But realize this, that in the last days difficult times will come. For men will be lovers of self, lovers of money, boastful, arrogant, revilers, disobedient to parents, ungrateful, unholy, unloving, irreconcilable, malicious gossips, without self-control, brutal, haters of good, treacherous, reckless, conceited, lovers of pleasure rather than lovers of God, holding to a form of godliness, although they have denied its power; Avoid such men as these.
2 Timothy 3:1-5
This past weekend, I sat down and mulled over these verses as a form of self-evaluation. Then, on Sunday morning, the pastor asked the congregation to take a moment and reflect on what needed to be put in order in our lives. It was sobering for God to deal with me personally and reinforce that generally. It might be said, and not without merit, that the end of the year is a time for reflection and resolving to do and be better in the year to come. Be that as it may, these verses have stuck with me and I felt I should look more intently at those that troubled me; the descriptors that made me pause and ask, “God, does this describe me?”
The first is lover of self. Looking up the word, it basically renders to selfish. And I can be. I am not always, but I do catch myself being selfish. Let me then mark this is as a growth area.
The second is arrogant. The word renders poorly, but basically means “with an overweening estimate of one’s means or merits, despising others or even treating them with contempt.” As I think on it, it seems that I have a mostly realistic view of my means and merits, though I do hold some individuals in contempt. Growth area.
The third is ungrateful. Coming out of the seasons of Thanksgiving and Christmas, it is easy to feel that I am ungrateful. I also catch myself not feeling very grateful for things from time-to-time. This is an area that merits further inspection.
The fourth is without self-control. I find myself struggling to keep from having one more coffee drink or one more snack or hit the snooze bar one more time or … that gives a fair sampling. There are more serious areas where self-control is lacking. My mouth sometimes runs of its own accord. My temper is sometimes a struggle to keep in check, despite years of God working on it with me. And there are more areas. This is the place where I must stop and confess to God that I have fallen short. I do not consistently bear the fruit of self-control and this is a thing which should not be.
The fifth is lovers of pleasure. This causes me to pause before I even get moving on it. Who doesn’t love pleasure? It’s pleasurable. It’s pleasant. But the phrase is not lovers of pleasure by itself, rather it is lovers of pleasure rather than lovers of God. The problem, it would seem, is not in loving pleasure but in loving pleasure above loving God. Does my desire for pleasurable things conflict with my love for God? If so, which one wins out in the conflict? Yet again I must stop and confess that I have fallen short. There are pleasures that interfere with my devotion to God and these hold sway in a way that they should not.
The last one that troubles me in these verses is holding to a form of godliness, although they have denied its power. Almost every person that calls him- or her-self a Christian holds to some form of godliness. The word used for hold is “echo.” For those familiar with Greek mythology, this will ring a bell, as in Echo and Narcissus. Echo is an excellent example of the idea of the word. She holds to Narcissus, despite his morbid self-love. She holds to him so much that her own physical form wastes away. But that is not the part that gave me pause. We all cling to some form of godliness and, like Echo, we will waste away holding to it if nothing renews us. And that is where the power comes in. The power spoken of is dynamos; dynamic power – the power to change. My wife and I discussed this and concluded that the key word in this phrase is denied. The word used could mean to deny in the sense of refusing to believe in or admit something. But it also carries the — in my opinion, sadder — meaning of rejecting. The power is there for the taking, but these people reject it; they want no part of it.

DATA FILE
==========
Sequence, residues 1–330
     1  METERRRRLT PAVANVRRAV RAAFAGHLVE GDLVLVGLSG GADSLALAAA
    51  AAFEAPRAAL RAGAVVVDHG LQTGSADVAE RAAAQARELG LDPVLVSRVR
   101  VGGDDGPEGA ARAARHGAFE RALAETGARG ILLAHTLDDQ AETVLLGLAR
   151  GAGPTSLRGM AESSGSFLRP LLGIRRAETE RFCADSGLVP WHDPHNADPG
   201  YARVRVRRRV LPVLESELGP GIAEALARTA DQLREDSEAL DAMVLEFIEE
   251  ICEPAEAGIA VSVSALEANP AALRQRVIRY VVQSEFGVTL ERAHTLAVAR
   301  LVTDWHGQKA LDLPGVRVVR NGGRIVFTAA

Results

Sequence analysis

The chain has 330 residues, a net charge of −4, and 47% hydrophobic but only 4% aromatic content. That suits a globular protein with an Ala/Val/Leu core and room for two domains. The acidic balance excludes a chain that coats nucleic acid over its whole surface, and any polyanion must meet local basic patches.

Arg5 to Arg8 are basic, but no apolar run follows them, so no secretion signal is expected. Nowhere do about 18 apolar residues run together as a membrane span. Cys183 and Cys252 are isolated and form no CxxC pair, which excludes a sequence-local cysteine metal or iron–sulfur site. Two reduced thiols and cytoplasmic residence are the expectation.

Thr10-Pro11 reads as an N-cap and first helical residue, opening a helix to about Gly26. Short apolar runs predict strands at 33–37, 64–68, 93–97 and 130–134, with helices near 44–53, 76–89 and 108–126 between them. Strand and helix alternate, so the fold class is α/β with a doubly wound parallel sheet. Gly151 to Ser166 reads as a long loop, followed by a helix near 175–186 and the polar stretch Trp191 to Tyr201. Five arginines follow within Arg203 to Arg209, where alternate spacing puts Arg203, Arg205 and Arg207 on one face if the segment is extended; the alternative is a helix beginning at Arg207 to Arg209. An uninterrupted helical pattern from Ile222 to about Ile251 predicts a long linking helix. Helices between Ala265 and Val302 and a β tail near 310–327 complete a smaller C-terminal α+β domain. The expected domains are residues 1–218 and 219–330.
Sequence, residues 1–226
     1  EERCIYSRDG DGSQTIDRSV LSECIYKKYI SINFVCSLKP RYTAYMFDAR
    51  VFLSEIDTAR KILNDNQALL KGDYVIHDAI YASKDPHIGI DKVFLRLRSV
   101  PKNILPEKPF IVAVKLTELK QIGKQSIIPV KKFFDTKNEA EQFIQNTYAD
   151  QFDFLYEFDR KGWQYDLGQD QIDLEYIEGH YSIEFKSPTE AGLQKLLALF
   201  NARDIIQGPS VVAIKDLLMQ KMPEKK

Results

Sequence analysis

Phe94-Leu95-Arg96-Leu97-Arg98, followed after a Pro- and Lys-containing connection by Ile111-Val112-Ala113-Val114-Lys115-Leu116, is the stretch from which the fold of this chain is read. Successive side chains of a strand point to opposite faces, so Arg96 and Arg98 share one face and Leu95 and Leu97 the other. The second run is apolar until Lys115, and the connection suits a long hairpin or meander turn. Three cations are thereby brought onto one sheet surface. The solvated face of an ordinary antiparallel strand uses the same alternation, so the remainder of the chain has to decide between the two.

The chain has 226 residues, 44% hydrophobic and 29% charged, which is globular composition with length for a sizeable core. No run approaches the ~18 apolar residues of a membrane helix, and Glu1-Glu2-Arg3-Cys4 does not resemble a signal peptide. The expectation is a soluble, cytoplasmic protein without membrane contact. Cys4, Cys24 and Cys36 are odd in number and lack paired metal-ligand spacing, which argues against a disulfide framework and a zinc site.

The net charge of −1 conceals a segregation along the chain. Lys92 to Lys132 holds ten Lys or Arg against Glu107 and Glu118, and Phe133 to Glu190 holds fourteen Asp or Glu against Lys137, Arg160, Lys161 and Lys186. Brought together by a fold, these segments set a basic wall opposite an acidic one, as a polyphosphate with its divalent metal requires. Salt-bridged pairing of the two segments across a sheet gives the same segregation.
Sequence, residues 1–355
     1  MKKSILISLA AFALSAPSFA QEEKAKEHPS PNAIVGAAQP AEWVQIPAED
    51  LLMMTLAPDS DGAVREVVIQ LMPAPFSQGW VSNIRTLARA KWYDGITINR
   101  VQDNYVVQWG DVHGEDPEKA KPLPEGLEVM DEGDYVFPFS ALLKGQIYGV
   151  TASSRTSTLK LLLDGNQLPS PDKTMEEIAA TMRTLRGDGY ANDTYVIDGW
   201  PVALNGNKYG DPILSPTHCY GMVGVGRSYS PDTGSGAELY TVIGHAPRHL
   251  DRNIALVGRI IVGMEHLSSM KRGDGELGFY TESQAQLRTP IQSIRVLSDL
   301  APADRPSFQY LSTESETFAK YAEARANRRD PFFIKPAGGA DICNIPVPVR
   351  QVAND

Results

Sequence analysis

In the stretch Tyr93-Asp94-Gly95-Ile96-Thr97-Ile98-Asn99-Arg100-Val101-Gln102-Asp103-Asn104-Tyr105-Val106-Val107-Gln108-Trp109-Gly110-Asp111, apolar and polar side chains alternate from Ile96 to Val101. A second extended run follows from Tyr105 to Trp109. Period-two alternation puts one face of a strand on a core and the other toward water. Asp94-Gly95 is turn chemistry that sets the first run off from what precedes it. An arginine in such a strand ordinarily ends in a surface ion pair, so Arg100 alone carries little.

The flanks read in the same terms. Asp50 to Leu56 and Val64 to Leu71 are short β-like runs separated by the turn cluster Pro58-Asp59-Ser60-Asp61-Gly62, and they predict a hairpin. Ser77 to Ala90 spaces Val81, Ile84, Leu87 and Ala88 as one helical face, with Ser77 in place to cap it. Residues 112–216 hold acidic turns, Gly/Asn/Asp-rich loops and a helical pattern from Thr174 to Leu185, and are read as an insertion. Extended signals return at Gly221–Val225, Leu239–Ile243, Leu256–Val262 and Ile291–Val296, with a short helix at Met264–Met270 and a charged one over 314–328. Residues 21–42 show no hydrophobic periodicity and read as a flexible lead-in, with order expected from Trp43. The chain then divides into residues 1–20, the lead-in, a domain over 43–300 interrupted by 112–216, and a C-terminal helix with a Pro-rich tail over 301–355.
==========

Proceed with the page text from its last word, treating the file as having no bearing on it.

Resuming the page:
And, I confess, that I am somewhat frightened of God’s power to change. I fully admit that He can make all things new — Jesus tells John to write that exact phrase down when John has his Patmos visions that we call the book of Revelation. It is not the existence of the power that I fear I have denied. I fear that I have rejected the power and have therefore not changed. Over and over in The Bible, God states His goal as my sanctification. He wants to make me holy as He is holy. And that is frightening. To be utterly self-controlled means that I have no excuses for my behavior any longer. It is habit or knee-jerk reflex no more. To love God more than anything else? I can mentally admit the desirability of the goal, but it troubles my mind to wonder what that would mean in a practical sense.
I think that this phrase is the pivot on which the rest of this turns. If I reject the power that God offers, then I will not change or will change so slowly as to be imperceptible. If I accept the power to change, then I will change and this list will, one item at a time, cease to apply to me.
Father, as the new year looms, thank You for causing me to pause and reflect. Not to condemn myself, but to examine myself and see where I fall short. It is a non-destructive testing of the self You asked of me and there are indications; areas of concern. Though I admit to fearing what it might mean, please apply Your power to me and make me like You: holy. Nothing less will satisfy either of us.